I heard a sloshing and squelching from behind. I turned to find the moonlit expanse of mudflats empty. The umbrella was gone.
When I turned back to Harriet Quimby she was no longer dressed as a lady but rather as the Dresden-China Aviatrix, her trousers and purple-hooded tunic and goggles and lucky necklaces drenched in mud. I saw the bodies somersaulting through the blue.
Harriet crumpled before me, and her body began to sink. I was meant to drag her up and carry her to dry land.
Like in the picture.
I wasted little time. Within moments I was upon her body, grasping for a hold, but it was difficult; each time I felt I had her she slipped out like a worm from a peach. Finally I got my arms under her body and bore it up. She was lifeless, head lolling, her goggles cracked, mud and murk and living things spilling from her mouth.
I set her on the ground and tried to stand her up. She only collapsed. On my second attempt I shook her violently, so roughly that her head appeared ready to pop from its neck.
“Damnit, Harriet!” I said to her opaque face. “I need to know!”
Whether she said it to me then or in another time does not matter. What does matter is what I heard next: He’s still out there.
And I’m meant to find him.
I didn’t bother to watch Harriet Quimby’s body sink. Turning from the edge I scanned the mudscape leading back to my tent. He was out there, somewhere. I started squelching.
“Mr. Willard! Mr. Willard! Are you here? Please!”
I stopped, held the voice recording device up as a beacon, rotated three hundred-sixty degrees, and when I came to stand facing in my original direction Mr. William Willard was in front of me at a distance of about five feet.
He looked awful. Mud and critters clung to his body in equal amounts. One of his eyes had burst from its socket and dangled like a body from a hangman’s noose. He swayed two feet toward me, and his mouth opened expelling the earth and sea.
I brandished the voice recording device at his face. “Mr. Willard. Could you tell me what exactly happened right before you fell out of the Bleriot? Did you jump? And if you did, why?”
“Tell me, tell me, tell me,” the suspect intoned.
I lunged at him. My fingers on his throat, I pressed him down into the mud. His lack of resistance made my act all the more frustrating, all the more futile.
“You’re going to tell me!” I said. “You’re going to speak into this voice recording device slowly and clearly, and you’re going to tell the truth of that day!”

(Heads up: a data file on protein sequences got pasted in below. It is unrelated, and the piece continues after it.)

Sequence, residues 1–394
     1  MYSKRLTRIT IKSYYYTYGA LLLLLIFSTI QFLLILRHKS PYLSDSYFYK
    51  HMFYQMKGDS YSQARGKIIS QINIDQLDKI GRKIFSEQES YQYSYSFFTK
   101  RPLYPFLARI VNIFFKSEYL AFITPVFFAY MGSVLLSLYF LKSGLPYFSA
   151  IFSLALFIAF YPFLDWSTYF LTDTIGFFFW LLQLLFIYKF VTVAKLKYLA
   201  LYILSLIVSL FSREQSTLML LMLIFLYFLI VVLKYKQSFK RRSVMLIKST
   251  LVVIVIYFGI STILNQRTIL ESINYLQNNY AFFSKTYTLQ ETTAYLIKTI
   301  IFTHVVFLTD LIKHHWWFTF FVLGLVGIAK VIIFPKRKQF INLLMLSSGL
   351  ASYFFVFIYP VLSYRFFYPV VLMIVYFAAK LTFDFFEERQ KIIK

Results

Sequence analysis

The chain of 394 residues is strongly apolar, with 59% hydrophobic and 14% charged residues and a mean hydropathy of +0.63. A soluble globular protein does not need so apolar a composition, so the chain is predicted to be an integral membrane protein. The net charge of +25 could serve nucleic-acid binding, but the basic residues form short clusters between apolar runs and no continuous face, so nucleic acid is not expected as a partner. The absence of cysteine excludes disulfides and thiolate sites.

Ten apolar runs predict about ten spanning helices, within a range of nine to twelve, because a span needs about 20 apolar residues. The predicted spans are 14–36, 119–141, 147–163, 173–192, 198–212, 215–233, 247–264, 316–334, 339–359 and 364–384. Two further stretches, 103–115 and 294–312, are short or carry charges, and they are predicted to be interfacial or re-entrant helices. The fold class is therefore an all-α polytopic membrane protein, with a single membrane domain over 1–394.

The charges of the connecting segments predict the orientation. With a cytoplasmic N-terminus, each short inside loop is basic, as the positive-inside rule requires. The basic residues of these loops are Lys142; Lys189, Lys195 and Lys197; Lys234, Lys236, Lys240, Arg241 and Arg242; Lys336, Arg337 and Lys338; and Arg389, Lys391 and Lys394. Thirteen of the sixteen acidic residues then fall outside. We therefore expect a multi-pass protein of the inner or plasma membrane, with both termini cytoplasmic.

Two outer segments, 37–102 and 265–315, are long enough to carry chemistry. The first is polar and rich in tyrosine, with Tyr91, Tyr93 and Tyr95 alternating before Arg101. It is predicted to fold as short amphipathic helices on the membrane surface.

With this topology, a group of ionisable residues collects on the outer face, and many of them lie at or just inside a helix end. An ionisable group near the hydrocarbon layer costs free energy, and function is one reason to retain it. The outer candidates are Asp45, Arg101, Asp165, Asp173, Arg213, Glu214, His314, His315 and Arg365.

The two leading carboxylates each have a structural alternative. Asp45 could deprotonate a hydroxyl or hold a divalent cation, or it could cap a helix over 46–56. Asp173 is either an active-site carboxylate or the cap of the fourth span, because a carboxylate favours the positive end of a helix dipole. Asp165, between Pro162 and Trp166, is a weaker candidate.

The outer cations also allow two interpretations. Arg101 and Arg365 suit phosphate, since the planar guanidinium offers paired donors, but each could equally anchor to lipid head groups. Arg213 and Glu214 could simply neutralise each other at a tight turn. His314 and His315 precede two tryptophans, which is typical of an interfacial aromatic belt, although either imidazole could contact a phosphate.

But he was gone from beneath my hands now sinking effortlessly. The voice recording device was gone too.
I managed to pull myself up into a sitting position. Mr. Willard, looking just as he did before he fell out of the monoplane, sat beside me. For a time we watched the ocean, the first faint light rising in the east and turning our nation’s oldest lighthouse into a silhouette, a statue. Then Mr. Willard said, “I’m trying to do some good here.”
“That’s my line, I think.”
The sun was breaking fast over the flatline.
“All I want to know,” I said, “is whether or not you jumped from that damn plane. The Internet says nothing for sure about this. People of the time thought one thing, and they thought another. So what was it? What…”
“Debts,” Mr. Willard said.
“So it was a suicide. And by committing suicide you murdered Harriet Quimby.”
Smiling ruefully, he shook his head. “I did not want to die,” he said.
“Then….they were right, the ones who said a bad wind caused the plane to flip.”
Mr. Willard, his face tight, nodded.
“And you’re willing to swear on this? That it was an accident?”
“I do hereby swear,” he said.
“Then what did you say…as you…as you leaned forward….before your weight tipped the plane forward too far…too fast?”
“I said, ‘I can’t wait to tell my son about this glorious experience’.”
And then he was crying quietly, his head draped to his chest. I put my arm around him, and together we witnessed the sun’s ascent.
When next I looked to my right Mr. Willard was gone, and my arm fell awkwardly. I got to my feet and walked back to my tent.
As I was packing up I heard a sharp voice from behind. I turned to see an officer of the law approaching fast. I welcomed her.
“There’s no camping here,” she said. “We have signs posted all around.”
I waited for the inevitable.
“I’m going to have to write you up for this.”
I was wrong this time, but I wouldn’t always be.